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Letters to the Editor - December 6, 2013

Dear Sir,

My regular friend at the gym, a Canadian, once confessed that he didn’t like to feel “exploited” by Mexicans who spot him as a gringo and charge him accordingly a higher price for whatever he’s negotiating at that time.

As an Americanized Australian after five years Lakeside, I know the feeling. But I have a different perspective.

“Exploitation” can be in the eye of the beholder. Local real estate prices expressed in USD (almost 100% of the time) may be seen as one perspective on “exploitation.” Gringos buy Mexican property at Scottsdale prices.

Here is another.

Today I wanted to buy firewood in my pueblo. Although my 2003 Ford Expedition bore Jalisco plates, I was spotted as a gringo.

The vendor’s family stood around anxiously as their hombre responded to my Spanish question, “Cuanta cuesta?” with the pure English words, “Three hundred.” None of the prior conversation had been in English.

As I handed over the dinero, the suspenseful silence was broken by stifled giggles in the family circle. Everybody was more than happy.

I wondered as I drove away: Why the mirth, or was it joy?

I speculated that perhaps they were chalking up a victory over the gringo. The wood they had gotten on the mountain for me was free to them. Their labor and time in cutting and fetching it on a burro was next-to-worthless. They asked a price no Mexican could afford, and that dumb, stupid gringo paid it without question.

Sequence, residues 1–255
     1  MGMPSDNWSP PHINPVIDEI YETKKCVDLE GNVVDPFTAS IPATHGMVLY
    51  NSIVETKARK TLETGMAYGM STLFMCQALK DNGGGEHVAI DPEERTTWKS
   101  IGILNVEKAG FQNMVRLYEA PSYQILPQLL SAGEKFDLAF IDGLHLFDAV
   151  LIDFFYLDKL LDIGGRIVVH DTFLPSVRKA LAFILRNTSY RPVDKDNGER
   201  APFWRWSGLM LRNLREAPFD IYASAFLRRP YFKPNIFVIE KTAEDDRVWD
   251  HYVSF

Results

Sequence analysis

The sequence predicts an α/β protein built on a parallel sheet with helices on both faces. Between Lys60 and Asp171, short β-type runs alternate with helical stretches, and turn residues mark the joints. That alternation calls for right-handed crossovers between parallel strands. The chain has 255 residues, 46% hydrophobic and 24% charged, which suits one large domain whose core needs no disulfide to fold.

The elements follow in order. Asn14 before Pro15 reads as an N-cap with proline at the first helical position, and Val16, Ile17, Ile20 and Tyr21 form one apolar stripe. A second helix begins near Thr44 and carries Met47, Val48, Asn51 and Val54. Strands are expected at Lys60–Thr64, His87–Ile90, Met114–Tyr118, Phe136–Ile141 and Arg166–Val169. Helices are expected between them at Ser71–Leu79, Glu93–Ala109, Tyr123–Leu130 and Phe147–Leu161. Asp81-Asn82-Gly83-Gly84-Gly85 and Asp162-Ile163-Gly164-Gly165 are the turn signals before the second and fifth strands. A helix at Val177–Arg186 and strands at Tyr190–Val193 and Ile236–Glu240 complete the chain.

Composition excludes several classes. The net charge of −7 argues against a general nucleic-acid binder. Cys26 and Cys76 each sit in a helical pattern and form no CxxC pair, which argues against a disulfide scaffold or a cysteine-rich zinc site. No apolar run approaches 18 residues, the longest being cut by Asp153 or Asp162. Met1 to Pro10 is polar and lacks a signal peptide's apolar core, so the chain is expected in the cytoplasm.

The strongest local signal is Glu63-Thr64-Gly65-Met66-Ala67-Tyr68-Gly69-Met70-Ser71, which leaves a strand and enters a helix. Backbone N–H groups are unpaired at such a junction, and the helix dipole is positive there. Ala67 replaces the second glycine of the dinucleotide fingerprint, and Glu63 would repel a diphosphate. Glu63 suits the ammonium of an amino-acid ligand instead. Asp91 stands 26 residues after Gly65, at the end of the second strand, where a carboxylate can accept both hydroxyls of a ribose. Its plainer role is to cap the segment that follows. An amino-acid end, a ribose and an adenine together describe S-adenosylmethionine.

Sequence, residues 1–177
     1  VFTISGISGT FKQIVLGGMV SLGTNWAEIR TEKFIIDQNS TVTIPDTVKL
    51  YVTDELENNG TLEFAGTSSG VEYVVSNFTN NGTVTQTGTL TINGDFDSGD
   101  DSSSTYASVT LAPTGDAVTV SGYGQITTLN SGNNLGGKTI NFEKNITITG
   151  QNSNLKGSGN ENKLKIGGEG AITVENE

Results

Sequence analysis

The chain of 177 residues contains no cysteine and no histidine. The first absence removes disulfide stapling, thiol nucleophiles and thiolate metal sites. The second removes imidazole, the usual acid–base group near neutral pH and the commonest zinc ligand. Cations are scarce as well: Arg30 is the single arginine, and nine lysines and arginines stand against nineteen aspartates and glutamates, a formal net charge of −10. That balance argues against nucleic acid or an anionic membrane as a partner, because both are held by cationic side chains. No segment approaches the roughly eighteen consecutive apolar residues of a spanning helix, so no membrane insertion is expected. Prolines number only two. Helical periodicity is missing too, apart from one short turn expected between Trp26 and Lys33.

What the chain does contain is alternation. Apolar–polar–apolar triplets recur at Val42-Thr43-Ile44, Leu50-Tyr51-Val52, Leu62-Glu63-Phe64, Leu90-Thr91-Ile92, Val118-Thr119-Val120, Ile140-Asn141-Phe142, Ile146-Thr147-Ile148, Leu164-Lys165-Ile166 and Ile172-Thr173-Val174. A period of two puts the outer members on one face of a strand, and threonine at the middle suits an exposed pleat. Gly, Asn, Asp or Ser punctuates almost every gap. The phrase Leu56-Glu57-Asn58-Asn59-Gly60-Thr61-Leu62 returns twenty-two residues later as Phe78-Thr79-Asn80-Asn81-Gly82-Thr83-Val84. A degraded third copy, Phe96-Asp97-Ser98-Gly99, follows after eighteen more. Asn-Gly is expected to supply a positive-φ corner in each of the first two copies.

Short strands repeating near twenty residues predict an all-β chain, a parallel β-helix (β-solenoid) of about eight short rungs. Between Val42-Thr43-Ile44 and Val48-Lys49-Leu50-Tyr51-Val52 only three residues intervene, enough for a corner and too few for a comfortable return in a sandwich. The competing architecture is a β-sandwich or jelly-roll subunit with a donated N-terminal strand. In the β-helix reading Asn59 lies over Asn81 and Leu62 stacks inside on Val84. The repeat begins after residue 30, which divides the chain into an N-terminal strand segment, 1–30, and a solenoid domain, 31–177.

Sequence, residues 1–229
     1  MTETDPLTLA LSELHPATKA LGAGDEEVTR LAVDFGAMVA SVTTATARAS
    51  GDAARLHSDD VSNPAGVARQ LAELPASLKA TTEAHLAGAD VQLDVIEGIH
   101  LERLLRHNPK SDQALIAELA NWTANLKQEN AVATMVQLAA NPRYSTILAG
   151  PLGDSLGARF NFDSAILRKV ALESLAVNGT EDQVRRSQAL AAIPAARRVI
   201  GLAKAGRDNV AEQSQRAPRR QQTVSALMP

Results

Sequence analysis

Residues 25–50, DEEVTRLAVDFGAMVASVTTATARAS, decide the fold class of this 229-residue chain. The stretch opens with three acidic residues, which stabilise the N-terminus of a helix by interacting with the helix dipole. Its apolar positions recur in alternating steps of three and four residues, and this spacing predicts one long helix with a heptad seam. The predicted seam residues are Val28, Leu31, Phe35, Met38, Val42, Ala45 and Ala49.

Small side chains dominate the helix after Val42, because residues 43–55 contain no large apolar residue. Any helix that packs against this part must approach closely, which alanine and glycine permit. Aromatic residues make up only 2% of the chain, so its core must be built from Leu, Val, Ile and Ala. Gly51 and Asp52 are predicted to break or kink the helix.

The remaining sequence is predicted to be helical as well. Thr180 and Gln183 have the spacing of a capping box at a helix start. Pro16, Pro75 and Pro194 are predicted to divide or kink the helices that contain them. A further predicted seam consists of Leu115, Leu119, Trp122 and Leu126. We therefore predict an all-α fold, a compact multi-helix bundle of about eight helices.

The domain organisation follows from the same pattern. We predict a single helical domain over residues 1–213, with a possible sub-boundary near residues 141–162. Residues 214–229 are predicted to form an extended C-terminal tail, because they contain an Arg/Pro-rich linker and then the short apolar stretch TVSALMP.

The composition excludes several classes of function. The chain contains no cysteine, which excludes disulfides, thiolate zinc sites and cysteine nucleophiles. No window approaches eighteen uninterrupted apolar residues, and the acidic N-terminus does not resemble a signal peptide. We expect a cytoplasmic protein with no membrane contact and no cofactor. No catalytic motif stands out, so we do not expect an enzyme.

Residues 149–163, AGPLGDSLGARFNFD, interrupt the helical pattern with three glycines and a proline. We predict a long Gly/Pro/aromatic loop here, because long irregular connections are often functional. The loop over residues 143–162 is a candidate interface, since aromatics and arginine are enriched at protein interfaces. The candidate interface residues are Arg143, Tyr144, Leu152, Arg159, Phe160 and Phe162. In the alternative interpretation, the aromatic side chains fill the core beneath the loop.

Later, when I discussed with friends what I was paying my strenuously diligent Mexican house maid for daily service, the difference between that and downtown Ajijic norms for the same became most pronounced. My gringo companions made me feel like an exploiter.

There are two gringo communities here in Lakeside. One lives in close-quartered anglo communities, often with guarded gates, and the other lives in “dangerous” unguarded communities close to their Mexican neighbors.

The former need high prices for their sense of security from actual predators, and the others do not.

Jim Dickinson, Tlachichilco



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